These storms were observed in 143 separate orbits of the Hubble Space Telescope, each observation around forty-five minutes long. While the Cassini spacecraft orbiting Saturn also observes these aurora, it does so at different angles and different distances. Hubble provides a certain consistency that provides better information for this particular study.
While twelve storms is a rather small data set from which to derive statistics, is seems that the storms last between eleven and twenty-one hours, usually about sixteen hours (which happens to be about one and a half rotations of Saturn). They seem to recur every four to seven days, generally about five and a half days.
In order to likely see one of these aurora in full from start to end, you would need to observe Saturn for about thirty-two hours, imaging every three hours or so. Right now, there is no instrument that can do this. Even so, a fair amount of information has been gleaned from looking at just a dozen storms. And although the Hubble cannot look at everything, it can view quite a bit, and has been an enabler of discovery and learning (as well as amazing photographs!) for twenty-five years–hopefully with more to come!
Sources used to directly write this paper.
American Geophysical Union. “New Study Provides ‘smoking gun’ Evidence That Saturn’s Collapsing Magnetic Tail Causes Auroras.” N.p., 19 May 2014.
An AGU Press Release discussing Saturn’s aurora and how they form. Also the source of the image collage of Hubble views of the aurora.
Astronomy Picture of the Day. “2004 March 5 – V838 Mon: Echoes from the Edge.” N.p., n.d. Web.
One of the images I linked to within the post, and one of my favorite Hubble pictures.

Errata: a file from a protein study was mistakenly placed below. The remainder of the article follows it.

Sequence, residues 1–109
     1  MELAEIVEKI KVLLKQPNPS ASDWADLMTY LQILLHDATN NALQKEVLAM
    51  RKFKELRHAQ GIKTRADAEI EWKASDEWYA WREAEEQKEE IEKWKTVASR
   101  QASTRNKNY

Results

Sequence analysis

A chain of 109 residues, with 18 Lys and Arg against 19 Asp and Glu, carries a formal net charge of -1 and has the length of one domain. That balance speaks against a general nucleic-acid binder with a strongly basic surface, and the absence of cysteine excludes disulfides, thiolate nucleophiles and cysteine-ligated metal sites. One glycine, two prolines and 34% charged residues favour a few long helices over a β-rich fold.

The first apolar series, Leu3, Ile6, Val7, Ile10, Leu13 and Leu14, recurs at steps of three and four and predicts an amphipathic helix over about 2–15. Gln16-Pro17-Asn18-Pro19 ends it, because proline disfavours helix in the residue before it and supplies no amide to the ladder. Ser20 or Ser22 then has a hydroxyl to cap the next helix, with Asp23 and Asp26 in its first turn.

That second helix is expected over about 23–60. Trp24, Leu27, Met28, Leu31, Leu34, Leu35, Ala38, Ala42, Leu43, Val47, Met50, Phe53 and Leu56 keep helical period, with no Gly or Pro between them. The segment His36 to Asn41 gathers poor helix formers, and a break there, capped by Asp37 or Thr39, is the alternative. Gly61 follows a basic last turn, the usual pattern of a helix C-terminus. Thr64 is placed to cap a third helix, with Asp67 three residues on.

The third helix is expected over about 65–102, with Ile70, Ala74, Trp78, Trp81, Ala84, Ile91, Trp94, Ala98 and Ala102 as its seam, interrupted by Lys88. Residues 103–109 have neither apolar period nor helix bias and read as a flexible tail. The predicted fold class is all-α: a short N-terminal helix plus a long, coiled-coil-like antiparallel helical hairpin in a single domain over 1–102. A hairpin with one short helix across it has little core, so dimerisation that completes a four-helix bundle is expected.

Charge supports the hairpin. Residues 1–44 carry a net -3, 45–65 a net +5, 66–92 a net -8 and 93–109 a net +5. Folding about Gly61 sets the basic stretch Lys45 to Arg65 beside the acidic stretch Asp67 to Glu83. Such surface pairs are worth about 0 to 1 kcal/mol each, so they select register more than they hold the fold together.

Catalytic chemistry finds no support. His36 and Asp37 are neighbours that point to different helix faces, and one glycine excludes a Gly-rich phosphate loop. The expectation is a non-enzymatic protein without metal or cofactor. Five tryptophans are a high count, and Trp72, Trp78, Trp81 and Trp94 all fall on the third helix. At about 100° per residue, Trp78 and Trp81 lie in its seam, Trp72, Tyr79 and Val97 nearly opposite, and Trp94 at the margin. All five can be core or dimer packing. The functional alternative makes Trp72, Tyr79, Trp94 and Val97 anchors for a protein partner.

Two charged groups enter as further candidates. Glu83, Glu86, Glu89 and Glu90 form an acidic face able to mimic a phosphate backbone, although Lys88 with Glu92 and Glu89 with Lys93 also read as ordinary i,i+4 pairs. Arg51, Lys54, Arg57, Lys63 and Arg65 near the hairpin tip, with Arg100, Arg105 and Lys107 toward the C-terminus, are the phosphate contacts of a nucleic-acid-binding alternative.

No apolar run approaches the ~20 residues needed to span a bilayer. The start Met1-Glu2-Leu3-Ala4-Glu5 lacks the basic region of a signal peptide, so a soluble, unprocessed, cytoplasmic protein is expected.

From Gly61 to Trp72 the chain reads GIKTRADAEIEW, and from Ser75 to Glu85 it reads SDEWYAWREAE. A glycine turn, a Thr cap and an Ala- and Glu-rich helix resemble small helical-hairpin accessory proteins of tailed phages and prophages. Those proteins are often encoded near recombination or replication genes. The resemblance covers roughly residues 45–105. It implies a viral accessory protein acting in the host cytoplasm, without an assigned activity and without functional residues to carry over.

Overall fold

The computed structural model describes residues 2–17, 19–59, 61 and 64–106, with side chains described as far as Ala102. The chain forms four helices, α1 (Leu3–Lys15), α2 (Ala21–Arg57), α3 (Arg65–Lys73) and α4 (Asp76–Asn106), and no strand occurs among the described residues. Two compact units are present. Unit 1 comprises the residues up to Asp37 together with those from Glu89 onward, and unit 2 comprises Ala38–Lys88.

Astronomy Picture of the Day “2012 December 30 – Doomed Star Eta Carinae.” N.p., n.d. Web.
Another image I linked to within the post.
Astronomy Picture of the Day. “2014 June 5 – Hubble Ultra Deep Field 2014.” N.p., n.d. Web.
The Hubble deep field image that appears in the post.
Astronomy Picture of the Day “2015 January 7 – Hubble 25th Anniversary: Pillars of Creation.” N.p., n.d. Web.
The Pillars of Creation, probably one of the most famous Hubble images, is linked to within the post.
Bennett, Jeffrey et al. The Cosmic Perspective: The Solar System. 7th ed. San Francisco: Addison-Wesley. Print.
A textbook used for reference about how aurora work on Earth.
Cook, Jia-Rui. “NASA Spacecraft Get a 360-Degree View of Saturn’s Auroras.” N.p., 11 Feb. 2014.
An article about Saturn’s aurora and the investigations into them.
Hubble Space Telescope. “Hubble Space Telescope Begins ‘Two-Gyro’ Science Operations.” N.p., n.d. Web.
The page I used for the image of the Hubble Space Telescope that appears in the post.
Hubble Space Telescope. “Timeline: Hubble Space Telescope.” N.p., n.d. Web.
A page used for reference on the timing of important Hubble events.
Meredith, C. J., S. W. H. Cowley, and J. D. Nichols. “Survey of Saturn auroral storms observed by the Hubble Space Telescope: Implications for storm time scales.” Journal of Geophysical Research: Space Physics (2014).
The main paper for today.